17) Thor: Ragnarok (2017)
Taika Waititi’s sense of humor was a perfect match for the absurdity of the Thor franchise, rescuing it from the overly serious tone of Thor: The Dark World. The supporting cast members were brilliant (Jeff Goldblum! Tessa Thompson! Cate Blanchett! Mark Ruffalo!), and the production designers reveled in a rainbow-hued, Jack Kirby-inspired vision of the Marvel universe. It’s arguably one of the best comedies of 2017, and on top of that, it features some deceptively thoughtful political subtext. —Gavia Baker-Whitelaw
18) Black Panther (2018)
Blending sci-fi and fantasy, director Ryan Coogler brought new life to the Marvel franchise this year. Starring Chadwick Boseman as the superhero king T’Challa, this movie introduced the world to Wakanda, a secretive African nation with super-advanced technology and a rich cultural backstory. Much of the conversation around Black Panther focuses on its impact as a blockbuster with a predominantly Black cast. It set a precedent for Hollywood, telling an unabashedly political story about colonization and the African diaspora. On top of all that, it’s a damn good action movie. Packed with already-iconic moments, it earned praise for its witty dialogue, stellar cast, and visual worldbuilding. —Gavia Baker-Whitelaw
19) Avengers: Infinity War (2018)
Thanos’ plan to obtain the Infinity Stones and wipe out half the universe goes into overdrive as he travels from planet to planet and overwhelms the Avengers and the Guardians of the Galaxy. A final standoff in Wakanda ends in disaster after Thor’s new ax injures Thanos but doesn’t kill him, allowing the Mad Titan to set his plan into action and turn many of Marvel’s heroes into dust. With his final act before succumbing to his fate, Nick Fury sends out a distress call to Captain Marvel. —Michelle Jaworski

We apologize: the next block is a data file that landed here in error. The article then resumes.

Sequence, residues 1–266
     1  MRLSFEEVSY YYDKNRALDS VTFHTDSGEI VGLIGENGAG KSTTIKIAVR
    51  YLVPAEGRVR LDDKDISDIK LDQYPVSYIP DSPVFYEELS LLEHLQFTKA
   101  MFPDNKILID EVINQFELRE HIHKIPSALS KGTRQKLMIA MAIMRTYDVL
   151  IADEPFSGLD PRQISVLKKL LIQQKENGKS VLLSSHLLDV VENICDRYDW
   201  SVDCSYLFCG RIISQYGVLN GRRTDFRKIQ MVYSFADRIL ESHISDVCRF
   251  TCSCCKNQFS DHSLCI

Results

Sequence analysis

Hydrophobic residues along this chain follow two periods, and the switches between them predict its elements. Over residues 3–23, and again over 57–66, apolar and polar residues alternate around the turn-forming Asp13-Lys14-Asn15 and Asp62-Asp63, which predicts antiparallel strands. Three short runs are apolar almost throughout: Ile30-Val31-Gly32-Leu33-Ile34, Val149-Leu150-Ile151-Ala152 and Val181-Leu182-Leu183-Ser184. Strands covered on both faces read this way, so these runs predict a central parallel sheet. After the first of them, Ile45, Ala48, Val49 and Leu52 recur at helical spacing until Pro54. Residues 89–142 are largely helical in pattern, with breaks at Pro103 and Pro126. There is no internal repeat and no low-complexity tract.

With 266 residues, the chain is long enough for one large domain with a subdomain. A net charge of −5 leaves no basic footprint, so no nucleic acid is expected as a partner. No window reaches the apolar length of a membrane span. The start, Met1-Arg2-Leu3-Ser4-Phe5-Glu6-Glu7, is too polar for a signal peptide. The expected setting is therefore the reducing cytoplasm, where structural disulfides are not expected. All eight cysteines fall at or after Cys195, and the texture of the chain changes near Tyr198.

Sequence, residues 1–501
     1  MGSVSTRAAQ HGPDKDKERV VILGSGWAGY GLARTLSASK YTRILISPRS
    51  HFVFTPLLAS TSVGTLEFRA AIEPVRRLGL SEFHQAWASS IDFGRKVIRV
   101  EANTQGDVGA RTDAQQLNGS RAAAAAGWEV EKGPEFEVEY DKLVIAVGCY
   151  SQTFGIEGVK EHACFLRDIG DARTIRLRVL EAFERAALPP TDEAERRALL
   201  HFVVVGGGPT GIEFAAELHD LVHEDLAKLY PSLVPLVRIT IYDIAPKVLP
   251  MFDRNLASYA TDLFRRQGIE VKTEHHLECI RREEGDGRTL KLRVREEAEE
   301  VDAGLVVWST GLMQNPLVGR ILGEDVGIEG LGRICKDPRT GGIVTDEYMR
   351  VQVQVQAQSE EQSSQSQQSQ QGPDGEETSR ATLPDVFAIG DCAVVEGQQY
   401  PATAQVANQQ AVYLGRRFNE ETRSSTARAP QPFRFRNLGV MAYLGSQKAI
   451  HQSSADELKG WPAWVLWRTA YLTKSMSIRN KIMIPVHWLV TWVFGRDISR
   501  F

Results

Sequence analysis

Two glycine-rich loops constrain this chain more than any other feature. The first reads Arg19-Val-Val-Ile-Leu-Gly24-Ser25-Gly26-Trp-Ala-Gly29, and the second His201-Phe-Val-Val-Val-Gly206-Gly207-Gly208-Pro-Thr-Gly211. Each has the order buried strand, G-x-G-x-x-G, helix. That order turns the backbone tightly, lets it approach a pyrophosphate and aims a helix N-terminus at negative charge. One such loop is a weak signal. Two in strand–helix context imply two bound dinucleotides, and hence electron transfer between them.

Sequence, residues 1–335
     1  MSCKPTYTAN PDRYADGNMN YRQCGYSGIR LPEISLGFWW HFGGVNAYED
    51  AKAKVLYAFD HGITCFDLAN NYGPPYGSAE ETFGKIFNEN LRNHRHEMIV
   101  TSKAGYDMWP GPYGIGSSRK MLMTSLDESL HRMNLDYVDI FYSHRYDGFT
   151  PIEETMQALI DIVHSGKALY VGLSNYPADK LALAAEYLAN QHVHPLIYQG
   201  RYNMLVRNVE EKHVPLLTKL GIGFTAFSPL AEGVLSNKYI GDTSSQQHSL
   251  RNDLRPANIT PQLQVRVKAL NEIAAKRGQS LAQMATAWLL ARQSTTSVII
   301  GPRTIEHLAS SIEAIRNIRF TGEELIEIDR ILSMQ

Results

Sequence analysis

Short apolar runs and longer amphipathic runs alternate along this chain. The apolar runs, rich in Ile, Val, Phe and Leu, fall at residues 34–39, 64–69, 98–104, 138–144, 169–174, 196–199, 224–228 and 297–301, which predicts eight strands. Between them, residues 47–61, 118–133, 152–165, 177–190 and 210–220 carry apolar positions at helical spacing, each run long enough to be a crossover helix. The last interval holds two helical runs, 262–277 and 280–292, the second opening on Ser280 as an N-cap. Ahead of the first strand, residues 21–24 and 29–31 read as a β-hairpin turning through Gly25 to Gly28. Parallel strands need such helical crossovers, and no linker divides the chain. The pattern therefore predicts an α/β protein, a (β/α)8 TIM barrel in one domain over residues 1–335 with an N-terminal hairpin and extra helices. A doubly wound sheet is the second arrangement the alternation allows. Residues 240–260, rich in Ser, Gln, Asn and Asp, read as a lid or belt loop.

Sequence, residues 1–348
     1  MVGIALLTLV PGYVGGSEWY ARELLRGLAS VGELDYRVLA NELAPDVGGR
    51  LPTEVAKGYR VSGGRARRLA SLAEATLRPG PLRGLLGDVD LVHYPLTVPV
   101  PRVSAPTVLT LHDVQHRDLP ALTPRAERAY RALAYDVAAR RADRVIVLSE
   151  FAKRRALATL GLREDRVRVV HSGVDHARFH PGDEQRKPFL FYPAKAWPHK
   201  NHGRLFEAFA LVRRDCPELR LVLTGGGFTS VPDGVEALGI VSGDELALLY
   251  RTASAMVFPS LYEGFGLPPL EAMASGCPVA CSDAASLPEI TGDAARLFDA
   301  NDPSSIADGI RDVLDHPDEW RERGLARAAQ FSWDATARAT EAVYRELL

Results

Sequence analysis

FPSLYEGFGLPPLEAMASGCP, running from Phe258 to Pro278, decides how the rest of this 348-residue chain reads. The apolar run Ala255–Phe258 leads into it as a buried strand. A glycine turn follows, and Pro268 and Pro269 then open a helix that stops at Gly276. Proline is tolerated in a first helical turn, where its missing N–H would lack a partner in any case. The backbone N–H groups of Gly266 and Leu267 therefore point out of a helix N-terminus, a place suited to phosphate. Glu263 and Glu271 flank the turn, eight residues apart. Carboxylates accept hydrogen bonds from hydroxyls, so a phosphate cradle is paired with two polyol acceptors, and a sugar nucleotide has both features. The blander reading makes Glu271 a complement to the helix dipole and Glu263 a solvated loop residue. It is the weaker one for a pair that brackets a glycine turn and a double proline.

20) Ant-Man and the Wasp (2018)
Ant-Man and the Wasp had the impossible task of following Avengers: Infinity War, and it wisely chose to do its own thing instead of trying to one-up Thanos. Hope van Dyne (Evangeline Lilly) and Hank Pym (Michael Douglas), who’ve been on the run from the FBI since the events of Captain America: Civil War, have built a tunnel that will take them into the Quantum Realm so they can rescue a trapped Janet van Dyne (Michelle Pfeiffer). But they need a missing piece of the puzzle from Scott Lang (Paul Rudd), who’s three days away from the end of his house-arrest sentence. With plenty of callbacks to the first Ant-Man, the visual and verbal gags mostly land, and the action scenes are engaging and take full advantage of its landscape. Though it probably won’t convert any viewers who aren’t keen on its titular hero, Ant-Man and the Wasp is a fun and humorous film that doesn’t overstay its welcome. —Michelle Jaworski
21) Captain Marvel (2019)
Captain Marvel is likely to reveal Carol Danvers’ origin story—which takes place in the ’90s and will feature appearances from Nick Fury, Phil Coulson, and Ronan—and explain why she hasn’t been part of the MCU until now. (Aside from the logistical, out-of-world reasons.)
22) Avengers 4 (2019)
The untitled fourth Avengers movie will most likely handle the fallout from Avengers: Infinity War
MCU movie order: Phase 4 and beyond
The films slated to be released in theaters after Avengers 4 are collected under the “Phase 4” umbrella, although Marvel Studios head Kevin Feige has said that he’s not sure if the next slate of movies will be titled “Phase 4” or be called something else.
So far, only two movies are confirmed for Phase 4: Spider-Man: Far From Home, which is filming as of July 2018 and is set to be released July 5, 2019, and Guardians of the Galaxy Vol. 3, which was tentatively being released in 2020. But after Disney’s firing of Guardians of the Galaxy director James Gunn in July 2018, it’s unclear if that’s still the case.
Several other movies are in various stages of development, including a long-awaited Black Widow movie and sequels for Doctor Strange and Black Panther being planned. But until the events of Avengers 4 play out, Marvel is keeping its cards close to its chest.